Refining Google Searches with the Inclusion and Exclusion Operators
Using simple Google operators (symbols), such as inclusion and exclusion, can improve web search results without much effort. Operators are used with Google search terms and have a special meaning to Google. They are not included in the subject of a search, but rather change how Google works when it performs a search.
The inclusion operator
The inclusion operator, signified by a plus sign (+), forces Google to include the indicated word on each page that is returned as a result. The inclusion operator, +, must come immediately before the term to be included, without any spaces.
The inclusion operator is most useful for reinserting the stop words that Google leaves out by default. Sometimes you really need to include stop words to get the best results. Never fear; the + is here. For example, if you search for
Star Wars I
the results omit I from the search results. (In fact, Google even displays a message to let you know that I is a very common word and was therefore omitted from the search.) If you’re really looking for results related to the first episode of the Star Wars space opera, it’s handy and dandy to be able to enter
Star Wars +I
and get search results related to Episode I: The Phantom Menace.
The exclusion operator
The exclusion operator requires Google to return results that do not include a specified term. This operator is represented by a minus sign (–) before the term to be excluded (no spaces are allowed between the operator and the excluded term).
Exclusion is one of the most useful operators a researcher can use because it allows you to clarify the context of terms. Many words are used across a number of fields. For example, a virus can infect a computer or a person. A search for
should, in theory, show only biological viruses. If you try this search, you’ll see that in fact it includes biologic viruses, philosophic pseudo-religious viruses, and more, as well as some computer virus links. In contrast, a search just for virus returns primarily links about computer viruses. So the exclusion operator doesn’t always work perfectly, but it does improve results.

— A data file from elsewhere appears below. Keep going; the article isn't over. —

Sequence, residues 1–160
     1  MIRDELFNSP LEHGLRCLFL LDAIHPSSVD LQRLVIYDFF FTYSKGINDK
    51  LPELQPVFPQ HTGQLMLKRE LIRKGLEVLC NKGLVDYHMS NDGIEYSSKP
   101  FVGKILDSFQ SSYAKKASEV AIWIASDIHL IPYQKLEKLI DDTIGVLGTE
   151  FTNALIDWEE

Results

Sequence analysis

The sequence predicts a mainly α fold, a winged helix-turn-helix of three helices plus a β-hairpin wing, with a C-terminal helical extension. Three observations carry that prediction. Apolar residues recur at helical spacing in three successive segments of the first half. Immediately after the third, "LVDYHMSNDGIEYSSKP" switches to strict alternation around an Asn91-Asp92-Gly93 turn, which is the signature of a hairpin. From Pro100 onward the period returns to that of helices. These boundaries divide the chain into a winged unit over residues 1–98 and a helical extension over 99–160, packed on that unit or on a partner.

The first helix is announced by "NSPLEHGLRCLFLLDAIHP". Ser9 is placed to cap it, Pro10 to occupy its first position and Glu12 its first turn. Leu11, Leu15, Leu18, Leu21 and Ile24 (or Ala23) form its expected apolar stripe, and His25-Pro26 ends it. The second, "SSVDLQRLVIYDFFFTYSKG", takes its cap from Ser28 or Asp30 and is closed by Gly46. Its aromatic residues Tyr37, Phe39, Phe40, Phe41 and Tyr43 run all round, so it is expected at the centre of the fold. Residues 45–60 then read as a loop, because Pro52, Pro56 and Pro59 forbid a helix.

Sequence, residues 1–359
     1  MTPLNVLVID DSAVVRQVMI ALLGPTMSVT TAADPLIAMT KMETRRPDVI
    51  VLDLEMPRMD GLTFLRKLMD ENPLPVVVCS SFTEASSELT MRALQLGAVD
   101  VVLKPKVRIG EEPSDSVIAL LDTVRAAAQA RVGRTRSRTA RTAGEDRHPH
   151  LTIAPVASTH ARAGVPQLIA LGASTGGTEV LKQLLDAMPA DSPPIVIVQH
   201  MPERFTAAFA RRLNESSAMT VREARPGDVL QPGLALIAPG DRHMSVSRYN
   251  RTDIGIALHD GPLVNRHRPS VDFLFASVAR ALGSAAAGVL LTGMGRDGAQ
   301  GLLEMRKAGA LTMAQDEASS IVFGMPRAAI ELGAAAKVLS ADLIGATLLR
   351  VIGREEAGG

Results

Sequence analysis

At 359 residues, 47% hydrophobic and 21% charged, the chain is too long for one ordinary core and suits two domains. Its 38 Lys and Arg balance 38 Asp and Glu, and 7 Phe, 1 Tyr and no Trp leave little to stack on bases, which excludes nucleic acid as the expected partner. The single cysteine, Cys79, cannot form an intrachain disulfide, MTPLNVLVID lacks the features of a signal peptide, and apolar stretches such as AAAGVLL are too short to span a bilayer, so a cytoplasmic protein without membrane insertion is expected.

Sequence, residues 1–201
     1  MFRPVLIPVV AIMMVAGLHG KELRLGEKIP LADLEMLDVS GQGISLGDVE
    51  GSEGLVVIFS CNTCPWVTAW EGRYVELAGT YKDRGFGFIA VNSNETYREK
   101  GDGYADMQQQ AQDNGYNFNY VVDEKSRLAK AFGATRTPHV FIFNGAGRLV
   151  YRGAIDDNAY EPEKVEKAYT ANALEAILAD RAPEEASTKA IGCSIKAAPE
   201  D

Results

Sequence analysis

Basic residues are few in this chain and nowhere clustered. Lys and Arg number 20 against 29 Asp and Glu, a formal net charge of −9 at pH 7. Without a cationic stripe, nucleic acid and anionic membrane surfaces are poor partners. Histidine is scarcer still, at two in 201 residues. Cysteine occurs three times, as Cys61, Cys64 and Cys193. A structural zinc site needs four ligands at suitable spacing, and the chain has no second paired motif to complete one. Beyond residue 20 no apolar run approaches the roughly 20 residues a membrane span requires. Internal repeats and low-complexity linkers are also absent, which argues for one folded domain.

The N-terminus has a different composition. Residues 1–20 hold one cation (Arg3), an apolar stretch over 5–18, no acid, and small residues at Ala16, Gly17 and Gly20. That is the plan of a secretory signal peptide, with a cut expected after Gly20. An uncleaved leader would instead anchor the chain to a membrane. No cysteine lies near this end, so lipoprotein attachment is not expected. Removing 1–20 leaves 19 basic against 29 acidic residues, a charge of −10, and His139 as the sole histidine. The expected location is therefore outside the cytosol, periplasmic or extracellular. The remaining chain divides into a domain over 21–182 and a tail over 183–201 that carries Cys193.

Here’s another example. Take the search term fly. Fly could refer to an insect, fishing, a kind of guy, or an airline. Suppose your research interest is in the fly genome. You can suppress a great many extraneous results using the exclusion operator in a search such as this:
fly -guy -airplane -airline -fishing
Of course, you can combine multiple terms along with exclusion operators. This technique is likely to give you better results than just using exclusion operators (the inclusion operator is implied when you add any new term to your query).
For example, if you want to find biological but not computer viruses, using a search term that includes virus and biological and excludes computer, like this,
virus biological -computer
is a good idea. If you are looking for the fly genome, you’ll get pretty good results if you include both fly and genome in your search. (There’s really not much point in excluding guy, airplane, airline, and fishing as shown in the previous section because these terms don’t come up in search results when you add the term genome to the mix.) But you might want to search for fly genomes that belong to flies other than the fruit fly. If so, you could include genome and exclude fruit, with excellent results:
fly genome -fruit